There are three tables in a room with blocks of chocolate on each. Where would be the best place for each child in the class to sit if they came in one at a time?

How many different sets of numbers with at least four members can you find in the numbers in this box?

In which Olympic event does a human travel fastest? Decide which events to include in your Alternative Record Book.

Formulate and investigate a simple mathematical model for the design of a table mat.

Which way of flipping over and/or turning this grid will give you the highest total? You'll need to imagine where the numbers will go in this tricky task!

Could nanotechnology be used to see if an artery is blocked? Or is this just science fiction?

Get some practice using big and small numbers in chemistry.

Where should runners start the 200m race so that they have all run the same distance by the finish?

Work with numbers big and small to estimate and calculate various quantities in physical contexts.

Work with numbers big and small to estimate and calculate various quantities in biological contexts.

Use trigonometry to determine whether solar eclipses on earth can be perfect.

An introduction to a useful tool to check the validity of an equation.

Is it really greener to go on the bus, or to buy local?

Work out the numerical values for these physical quantities.

Two perpendicular lines lie across each other and the end points are joined to form a quadrilateral. Eight ratios are defined, three are given but five need to be found.

Where we follow twizzles to places that no number has been before.

Many natural systems appear to be in equilibrium until suddenly a critical point is reached, setting up a mudslide or an avalanche or an earthquake. In this project, students will use a simple. . . .

Investigate constructible images which contain rational areas.

In a snooker game the brown ball was on the lip of the pocket but it could not be hit directly as the black ball was in the way. How could it be potted by playing the white ball off a cushion?

In this article for teachers, Bernard gives an example of taking an initial activity and getting questions going that lead to other explorations.

Take any pair of numbers, say 9 and 14. Take the larger number, fourteen, and count up in 14s. Then divide each of those values by the 9, and look at the remainders.

This article (the first of two) contains ideas for investigations. Space-time, the curvature of space and topology are introduced with some fascinating problems to explore.

Two polygons fit together so that the exterior angle at each end of their shared side is 81 degrees. If both shapes now have to be regular could the angle still be 81 degrees?

How much peel does an apple have?

We think this 3x3 version of the game is often harder than the 5x5 version. Do you agree? If so, why do you think that might be?

Explore the properties of combinations of trig functions in this open investigation.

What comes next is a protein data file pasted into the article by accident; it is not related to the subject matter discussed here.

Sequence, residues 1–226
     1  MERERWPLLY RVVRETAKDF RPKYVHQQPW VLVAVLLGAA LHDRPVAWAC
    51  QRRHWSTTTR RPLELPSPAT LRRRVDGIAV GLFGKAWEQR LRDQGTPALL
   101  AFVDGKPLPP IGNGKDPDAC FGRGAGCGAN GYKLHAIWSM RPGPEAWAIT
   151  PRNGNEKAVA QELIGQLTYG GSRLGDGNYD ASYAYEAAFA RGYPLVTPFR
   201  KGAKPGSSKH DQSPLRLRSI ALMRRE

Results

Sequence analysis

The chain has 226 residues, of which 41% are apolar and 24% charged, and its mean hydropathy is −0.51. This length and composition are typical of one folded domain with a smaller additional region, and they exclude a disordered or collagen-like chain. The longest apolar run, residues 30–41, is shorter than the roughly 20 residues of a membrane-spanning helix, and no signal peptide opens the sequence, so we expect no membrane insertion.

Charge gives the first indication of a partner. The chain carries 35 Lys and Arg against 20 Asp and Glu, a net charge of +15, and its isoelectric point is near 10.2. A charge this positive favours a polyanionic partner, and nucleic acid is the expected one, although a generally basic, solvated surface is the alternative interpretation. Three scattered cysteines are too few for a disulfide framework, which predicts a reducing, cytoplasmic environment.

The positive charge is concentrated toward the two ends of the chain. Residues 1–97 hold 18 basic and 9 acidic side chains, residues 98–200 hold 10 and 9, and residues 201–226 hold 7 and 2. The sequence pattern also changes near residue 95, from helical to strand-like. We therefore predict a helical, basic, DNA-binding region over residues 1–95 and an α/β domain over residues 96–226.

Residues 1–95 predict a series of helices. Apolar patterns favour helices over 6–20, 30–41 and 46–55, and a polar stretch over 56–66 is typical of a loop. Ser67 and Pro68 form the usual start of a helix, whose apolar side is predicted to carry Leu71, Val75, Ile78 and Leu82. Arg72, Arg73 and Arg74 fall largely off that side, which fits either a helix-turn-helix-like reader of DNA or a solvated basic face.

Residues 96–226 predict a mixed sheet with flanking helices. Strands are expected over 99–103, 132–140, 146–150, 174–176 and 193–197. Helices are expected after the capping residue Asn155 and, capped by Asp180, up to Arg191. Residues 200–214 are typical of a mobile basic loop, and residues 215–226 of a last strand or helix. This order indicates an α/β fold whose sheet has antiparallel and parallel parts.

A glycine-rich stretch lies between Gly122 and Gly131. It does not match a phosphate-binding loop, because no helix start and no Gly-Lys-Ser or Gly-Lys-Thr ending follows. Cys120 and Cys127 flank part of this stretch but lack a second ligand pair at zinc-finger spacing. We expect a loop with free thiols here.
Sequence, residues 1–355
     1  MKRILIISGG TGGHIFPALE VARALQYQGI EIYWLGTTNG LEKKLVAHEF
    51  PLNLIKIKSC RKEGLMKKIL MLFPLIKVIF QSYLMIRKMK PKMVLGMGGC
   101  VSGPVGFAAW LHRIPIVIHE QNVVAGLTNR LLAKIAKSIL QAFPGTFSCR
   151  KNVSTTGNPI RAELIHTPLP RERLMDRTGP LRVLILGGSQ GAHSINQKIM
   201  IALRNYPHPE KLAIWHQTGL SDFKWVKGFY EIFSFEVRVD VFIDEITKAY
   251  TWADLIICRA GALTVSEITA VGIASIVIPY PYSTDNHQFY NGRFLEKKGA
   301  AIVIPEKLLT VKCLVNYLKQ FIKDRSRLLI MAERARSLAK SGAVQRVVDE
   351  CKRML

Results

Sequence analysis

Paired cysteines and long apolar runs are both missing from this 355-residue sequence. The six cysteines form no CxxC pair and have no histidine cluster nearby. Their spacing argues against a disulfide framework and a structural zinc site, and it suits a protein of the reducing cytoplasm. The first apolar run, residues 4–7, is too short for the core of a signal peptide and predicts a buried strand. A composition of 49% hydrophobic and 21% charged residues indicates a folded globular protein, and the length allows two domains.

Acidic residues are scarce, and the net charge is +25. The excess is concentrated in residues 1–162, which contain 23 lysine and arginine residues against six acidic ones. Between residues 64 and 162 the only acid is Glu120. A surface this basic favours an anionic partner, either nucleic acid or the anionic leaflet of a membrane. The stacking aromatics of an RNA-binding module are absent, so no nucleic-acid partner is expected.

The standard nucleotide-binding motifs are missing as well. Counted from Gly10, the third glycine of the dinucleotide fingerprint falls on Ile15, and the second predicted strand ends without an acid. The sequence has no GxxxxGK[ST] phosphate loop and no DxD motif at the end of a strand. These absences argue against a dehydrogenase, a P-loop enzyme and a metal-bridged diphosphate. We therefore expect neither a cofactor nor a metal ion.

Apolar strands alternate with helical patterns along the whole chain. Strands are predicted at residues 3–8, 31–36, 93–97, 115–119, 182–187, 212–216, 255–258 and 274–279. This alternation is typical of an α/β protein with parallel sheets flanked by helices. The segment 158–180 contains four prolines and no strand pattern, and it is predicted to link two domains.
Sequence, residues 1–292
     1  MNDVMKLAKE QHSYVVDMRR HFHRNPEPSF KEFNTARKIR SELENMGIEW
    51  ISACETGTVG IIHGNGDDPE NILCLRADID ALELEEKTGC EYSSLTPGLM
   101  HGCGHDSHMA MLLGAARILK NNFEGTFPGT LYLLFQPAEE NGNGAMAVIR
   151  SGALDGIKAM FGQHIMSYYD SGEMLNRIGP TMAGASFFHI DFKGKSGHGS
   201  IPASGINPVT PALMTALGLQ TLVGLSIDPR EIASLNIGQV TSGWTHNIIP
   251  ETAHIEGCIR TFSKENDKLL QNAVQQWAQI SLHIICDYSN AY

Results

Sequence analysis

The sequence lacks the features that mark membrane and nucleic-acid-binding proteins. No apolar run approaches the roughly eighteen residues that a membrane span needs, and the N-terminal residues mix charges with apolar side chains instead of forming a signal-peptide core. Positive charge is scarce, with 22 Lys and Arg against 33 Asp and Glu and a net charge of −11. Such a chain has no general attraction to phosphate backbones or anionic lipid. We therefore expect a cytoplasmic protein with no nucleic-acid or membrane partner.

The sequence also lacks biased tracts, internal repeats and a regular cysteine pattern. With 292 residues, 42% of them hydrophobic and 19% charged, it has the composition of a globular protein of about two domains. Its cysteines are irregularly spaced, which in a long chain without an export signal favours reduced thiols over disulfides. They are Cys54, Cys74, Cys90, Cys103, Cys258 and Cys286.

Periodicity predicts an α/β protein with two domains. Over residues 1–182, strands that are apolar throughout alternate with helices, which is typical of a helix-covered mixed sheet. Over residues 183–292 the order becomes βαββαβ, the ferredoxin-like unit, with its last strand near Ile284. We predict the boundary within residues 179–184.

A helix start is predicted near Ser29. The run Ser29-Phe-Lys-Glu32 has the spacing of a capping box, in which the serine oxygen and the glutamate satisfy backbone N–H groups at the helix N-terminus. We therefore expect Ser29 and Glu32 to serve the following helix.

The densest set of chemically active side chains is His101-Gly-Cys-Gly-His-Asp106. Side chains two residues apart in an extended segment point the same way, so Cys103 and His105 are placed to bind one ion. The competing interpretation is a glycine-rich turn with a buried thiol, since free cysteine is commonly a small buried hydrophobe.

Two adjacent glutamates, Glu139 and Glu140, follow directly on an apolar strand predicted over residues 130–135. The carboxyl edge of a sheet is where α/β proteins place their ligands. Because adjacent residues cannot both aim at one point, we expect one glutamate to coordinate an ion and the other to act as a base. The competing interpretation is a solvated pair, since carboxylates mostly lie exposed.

What's the chance of a pair of lists of numbers having sample correlation exactly equal to zero?

All types of mathematical problems serve a useful purpose in mathematics teaching, but different types of problem will achieve different learning objectives. In generalmore open-ended problems have. . . .

Can you find some Pythagorean Triples where the two smaller numbers differ by 1?

It starts quite simple but great opportunities for number discoveries and patterns!

In this investigation, we look at Pascal's Triangle in a slightly different way - rotated and with the top line of ones taken off.

A description of some experiments in which you can make discoveries about triangles.

What shapes should Elly cut out to make a witch's hat? How can she make a taller hat?

The letters of the word ABACUS have been arranged in the shape of a triangle. How many different ways can you find to read the word ABACUS from this triangular pattern?

How will you decide which way of flipping over and/or turning the grid will give you the highest total?

This article for teachers suggests ideas for activities built around 10 and 2010.

This challenge extends the Plants investigation so now four or more children are involved.

A challenging activity focusing on finding all possible ways of stacking rods.

There are nine teddies in Teddy Town - three red, three blue and three yellow. There are also nine houses, three of each colour. Can you put them on the map of Teddy Town according to the rules?

This challenging activity involves finding different ways to distribute fifteen items among four sets, when the sets must include three, four, five and six items.

Place the 16 different combinations of cup/saucer in this 4 by 4 arrangement so that no row or column contains more than one cup or saucer of the same colour.

An investigation involving adding and subtracting sets of consecutive numbers. Lots to find out, lots to explore.